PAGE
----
Award-winning online newspaper The Telegraph has published a heart-warming story about the uplifting experience of travel expert Michelle Jana Chan in Cuba. Read on and find out how an unfortunate event ended up being a life lesson and a treasured experience. Take a look now!
How a closed door at a departure gate opened a door to some Cuban kindness
Award-winning online newspaper The Telegraph has published a heart-warming story about the genuinely uplifting experience of a British traveller to Cuba.
Although the story starts with the frustration of the woman in question missing her connecting flight to Havana and being forced to spend the night in Madrid, it's a story that sums up the stoic, open, kind Cuban spirit perfectly.
All of these Cuban characteristics have been born out of making do in times of adversity. Few countries have known tough times like "Los Cubanos", but their happy disposition has always prevailed. There's an infectious "joie de vivre" set deep into every Cuban and although the famous "keep calm and carry on" slogan sums up us Brits, the Cuban equivalent would be "keep laughing and make do".
It all started with some lost luggage in Madrid
As the article tells us, upon landing, there was no sign of the woman's suitcase on the luggage carousel. As she was on a business trip for an extended period of time, the situation was certainly not ideal.
"At my hotel, I washed my top in the sink and wore it damp for my first interview. Day after day, the concierge had no news from the airport. After a week, one of the receptionists offered to lend me one of her white work shirts, her nicest clothes. She gave it to me perfectly pressed with a shy smile and I gratefully accepted, touched by her kindness." - Michelle Jana Chan
It's important to bear in mind that not having your suitcase in Havana isn't like lost luggage in New York or Paris. It's not as though you can just head off into the city centre under the pretence of a forced shopping trip in order to update your wardrobe. Quel dommage!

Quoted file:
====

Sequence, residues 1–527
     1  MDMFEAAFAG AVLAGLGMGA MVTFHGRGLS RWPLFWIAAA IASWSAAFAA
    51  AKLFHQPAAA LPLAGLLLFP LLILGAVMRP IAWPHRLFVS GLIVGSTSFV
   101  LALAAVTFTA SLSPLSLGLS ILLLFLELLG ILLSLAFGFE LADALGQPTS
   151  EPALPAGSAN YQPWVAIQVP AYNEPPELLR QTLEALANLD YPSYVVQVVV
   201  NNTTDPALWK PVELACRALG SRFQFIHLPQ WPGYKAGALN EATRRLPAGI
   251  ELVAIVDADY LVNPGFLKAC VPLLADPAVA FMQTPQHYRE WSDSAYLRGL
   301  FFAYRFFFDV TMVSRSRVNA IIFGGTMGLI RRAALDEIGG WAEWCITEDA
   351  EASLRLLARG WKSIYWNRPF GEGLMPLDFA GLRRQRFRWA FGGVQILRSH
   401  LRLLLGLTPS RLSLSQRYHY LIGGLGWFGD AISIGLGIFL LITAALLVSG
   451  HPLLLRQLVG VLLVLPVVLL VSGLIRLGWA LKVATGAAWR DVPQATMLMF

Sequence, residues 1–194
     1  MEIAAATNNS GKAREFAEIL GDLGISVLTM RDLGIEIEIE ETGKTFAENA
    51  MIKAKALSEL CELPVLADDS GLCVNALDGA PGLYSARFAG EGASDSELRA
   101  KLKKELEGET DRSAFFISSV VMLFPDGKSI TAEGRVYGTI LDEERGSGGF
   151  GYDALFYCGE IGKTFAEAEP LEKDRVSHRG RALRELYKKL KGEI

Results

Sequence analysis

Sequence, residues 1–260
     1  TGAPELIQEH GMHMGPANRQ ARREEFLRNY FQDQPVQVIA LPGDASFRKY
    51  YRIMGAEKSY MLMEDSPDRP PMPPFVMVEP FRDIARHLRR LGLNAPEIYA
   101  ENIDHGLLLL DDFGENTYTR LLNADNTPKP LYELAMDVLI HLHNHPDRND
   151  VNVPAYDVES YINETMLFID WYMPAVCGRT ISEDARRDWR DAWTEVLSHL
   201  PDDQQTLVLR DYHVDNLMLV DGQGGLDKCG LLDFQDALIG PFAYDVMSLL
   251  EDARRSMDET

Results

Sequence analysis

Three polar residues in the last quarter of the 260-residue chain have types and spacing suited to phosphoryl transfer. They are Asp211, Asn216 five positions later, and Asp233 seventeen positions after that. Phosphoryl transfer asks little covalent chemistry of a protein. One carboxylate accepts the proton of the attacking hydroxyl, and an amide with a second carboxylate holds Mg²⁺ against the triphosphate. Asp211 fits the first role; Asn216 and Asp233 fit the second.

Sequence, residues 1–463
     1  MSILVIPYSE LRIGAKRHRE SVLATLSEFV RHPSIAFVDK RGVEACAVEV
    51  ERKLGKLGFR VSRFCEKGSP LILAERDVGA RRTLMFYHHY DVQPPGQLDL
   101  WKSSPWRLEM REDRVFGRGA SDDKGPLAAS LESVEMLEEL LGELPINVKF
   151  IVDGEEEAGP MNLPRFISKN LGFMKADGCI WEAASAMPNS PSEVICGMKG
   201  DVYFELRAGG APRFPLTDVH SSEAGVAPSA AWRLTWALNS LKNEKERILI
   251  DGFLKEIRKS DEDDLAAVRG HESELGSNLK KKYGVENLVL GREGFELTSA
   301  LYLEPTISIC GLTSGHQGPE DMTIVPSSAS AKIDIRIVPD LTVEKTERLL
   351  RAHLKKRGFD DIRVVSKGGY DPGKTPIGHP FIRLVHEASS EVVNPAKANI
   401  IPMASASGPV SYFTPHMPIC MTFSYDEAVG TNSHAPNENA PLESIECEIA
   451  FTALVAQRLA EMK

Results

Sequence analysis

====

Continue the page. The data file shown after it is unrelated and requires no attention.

"I made regular trips to Havana's stark department stores but there was little to buy. At that time, rationing was customary. But one day, the concierge said some stock had arrived at a shop he knew. I hurried there to find they'd purposefully set aside a pink acrylic dress for the girl with the lost luggage." - Michelle Jana Chan
Having fun in Havana
Ms Jana Chan's story gets better as more people get involved in her plight. As the article informs us, one night she had dinner at La Guarida, one of the city's legendary paladares. These family-run eateries were initiated after the USSR collapsed and the Cuban economy went into freefall.
People did what they could to make ends meet, making a few dollars here and there cooking for tourists. However, at that time there were restrictions. Only twelve seats were allowed in each establishment, and shellfish and beef were forbidden. As Ms Jana Chan states:
"Some say the rules boosted creativity; they were the best places to dine in the city."
When she entered the paladar, she met a Canadian tourist who left her the contents of his washbag, a Blue Jays T-shirt, and a baseball cap.
On another night, Ms Jana Chan stumbled across a Cuban party in a courtyard. In typical Cuban fashion, she was welcomed, a drink was thrust into her hand, and she was whisked around the dancefloor by a young Cuban gentleman eager to teach her Salsa.
"I visited his studio every day and when he learnt about my luggage, he brought me a crocheted dress from his mother and a half-tube of toothpaste. Another day, he gave me a silk scarf from his late grandmother. A whole wardrobe, thanks to the kindness of strangers." - Michelle Jana Chan
A friend in need is a friend indeed
This charming story is relevant because it offers a perfect glimpse into Cuban life on so many levels. The Cuban people are used to making do without luxuries, but at the same time, they're always willing to help out and share the little they have. "Mi casa es tu casa" (my home is your home) is a well-known Cuban phrase that perfectly explains these attitudes.
It's the story of a traveller, a lone woman, struggling without clothes or commodities, and finding that despite that, she never really wanted for anything.
"At the end of my trip I returned the borrowed items and gave away the Canadian's gifts. The dancer wouldn't take back the silk scarf, though. The hotel receptionist refused my tip. Back in the UK my suitcase never arrived, lost forever. But I learnt I need little more than the gift of a T-shirt and a tube of toothpaste." - Michelle Jana Chan
As Ms Jana Chan poignantly concludes:
"Travel reminds us of how unexpected, uplifting encounters are worth so much more than the material. And it is for the kindness of strangers, for the chance to reciprocate, that we travel - and why we will again."
And we agree. At Cuba Direct, we have encouraged thousands of people to explore and discover Cuba. It's a unique destination where it's impossible not to see, hear and feel the Cuban spirit of kindness.